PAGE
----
In a series of experiments, Yan-Yeung Luk, assistant professor of chemistry in SU’s College of Arts and Sciences, and Dacheng Ren, assistant professor of biomedical engineering in SU’s L.C. Smith College of Engineering and Computer Science, created a surface material on which they could manipulate and confine biofilm growth four times longer than current technologies. By further manipulating the chemical makeup of the surface, the scientists uncovered how mammalian cells and bacteria adhere to surfaces.
Their work, which is supported by grants from the National Science Foundation, was reported in the Feb. 4 online version of “ChemComm,” the journal of the Royal Society of Chemistry (forthcoming in print) and in the Jan. 9 online version of “Langmuir,” published by the American Chemical Society (forthcoming in print).
Under moist conditions, bacteria form what scientists call biofilms-a sticky, slimy buildup on almost any kind of surface. Biofilms can corrode the hulls of ships, produce green slime on rocks, pollute drinking water systems, form plaque on teeth and stick to medical devices implanted in humans, resulting in infection or rejection.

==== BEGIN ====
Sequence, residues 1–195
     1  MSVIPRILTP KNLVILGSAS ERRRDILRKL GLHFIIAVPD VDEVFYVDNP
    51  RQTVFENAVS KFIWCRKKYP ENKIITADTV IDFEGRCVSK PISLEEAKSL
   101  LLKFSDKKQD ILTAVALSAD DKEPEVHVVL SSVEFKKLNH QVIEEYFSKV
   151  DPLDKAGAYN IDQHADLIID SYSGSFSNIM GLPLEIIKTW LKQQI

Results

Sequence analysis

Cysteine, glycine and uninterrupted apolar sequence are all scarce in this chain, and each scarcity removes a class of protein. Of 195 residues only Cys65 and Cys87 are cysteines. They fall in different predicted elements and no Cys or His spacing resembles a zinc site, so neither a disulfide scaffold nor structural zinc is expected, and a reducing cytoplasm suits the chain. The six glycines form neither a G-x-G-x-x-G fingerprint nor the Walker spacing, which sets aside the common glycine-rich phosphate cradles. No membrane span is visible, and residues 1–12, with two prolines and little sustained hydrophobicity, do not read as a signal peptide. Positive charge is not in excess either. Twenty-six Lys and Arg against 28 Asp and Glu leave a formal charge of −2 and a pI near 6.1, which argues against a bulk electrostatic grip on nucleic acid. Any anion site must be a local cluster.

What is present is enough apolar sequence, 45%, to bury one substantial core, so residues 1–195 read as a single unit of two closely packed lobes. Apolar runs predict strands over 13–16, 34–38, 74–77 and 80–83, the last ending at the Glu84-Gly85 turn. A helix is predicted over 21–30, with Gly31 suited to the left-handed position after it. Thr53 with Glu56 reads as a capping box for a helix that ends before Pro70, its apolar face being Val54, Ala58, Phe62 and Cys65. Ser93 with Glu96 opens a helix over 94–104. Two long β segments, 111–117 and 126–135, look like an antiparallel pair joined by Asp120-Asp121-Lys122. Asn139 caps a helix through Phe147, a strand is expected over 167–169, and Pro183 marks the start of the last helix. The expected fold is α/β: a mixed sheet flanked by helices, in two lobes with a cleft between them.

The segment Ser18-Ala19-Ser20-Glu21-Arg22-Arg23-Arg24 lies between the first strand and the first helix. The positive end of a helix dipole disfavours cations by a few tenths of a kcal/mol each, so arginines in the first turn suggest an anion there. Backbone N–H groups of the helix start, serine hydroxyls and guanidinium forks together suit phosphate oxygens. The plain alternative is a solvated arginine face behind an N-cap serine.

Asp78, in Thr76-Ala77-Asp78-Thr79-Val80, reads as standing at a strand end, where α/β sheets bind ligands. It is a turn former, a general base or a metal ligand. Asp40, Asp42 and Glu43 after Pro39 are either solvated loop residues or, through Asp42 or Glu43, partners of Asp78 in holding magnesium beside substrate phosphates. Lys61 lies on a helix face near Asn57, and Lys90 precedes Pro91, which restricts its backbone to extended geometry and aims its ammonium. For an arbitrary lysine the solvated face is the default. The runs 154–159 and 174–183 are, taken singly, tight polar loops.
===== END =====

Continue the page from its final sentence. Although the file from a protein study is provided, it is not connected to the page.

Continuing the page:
It’s critically important, therefore, for scientists to gain a better understanding of how biofilms are formed and use that knowledge to develop surfaces that will resist such biofouling. In an unusual, interdisciplinary collaboration, SU researchers have found that if you can prevent protein from sticking to a surface, you can prevent both bacteria and mammalian cells from doing likewise. In the process, they developed a novel surface technology that scientists can use to study biofilms in ways that were not previously possible.